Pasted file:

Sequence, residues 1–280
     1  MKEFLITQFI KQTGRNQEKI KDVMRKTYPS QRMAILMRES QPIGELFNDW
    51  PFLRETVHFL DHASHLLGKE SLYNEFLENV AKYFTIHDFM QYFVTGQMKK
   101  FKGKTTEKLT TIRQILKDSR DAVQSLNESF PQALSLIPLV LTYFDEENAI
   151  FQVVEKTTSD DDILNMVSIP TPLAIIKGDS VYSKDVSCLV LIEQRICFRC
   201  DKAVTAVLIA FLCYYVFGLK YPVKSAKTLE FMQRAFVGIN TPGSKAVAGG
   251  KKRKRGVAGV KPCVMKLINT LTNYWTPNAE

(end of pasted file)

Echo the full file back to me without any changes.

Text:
Sequence, residues 1–280
     1  MKEFLITQFI KQTGRNQEKI KDVMRKTYPS QRMAILMRES QPIGELFNDW
    51  PFLRETVHFL DHASHLLGKE SLYNEFLENV AKYFTIHDFM QYFVTGQMKK
   101  FKGKTTEKLT TIRQILKDSR DAVQSLNESF PQALSLIPLV LTYFDEENAI
   151  FQVVEKTTSD DDILNMVSIP TPLAIIKGDS VYSKDVSCLV LIEQRICFRC
   201  DKAVTAVLIA FLCYYVFGLK YPVKSAKTLE FMQRAFVGIN TPGSKAVAGG
   251  KKRKRGVAGV KPCVMKLINT LTNYWTPNAE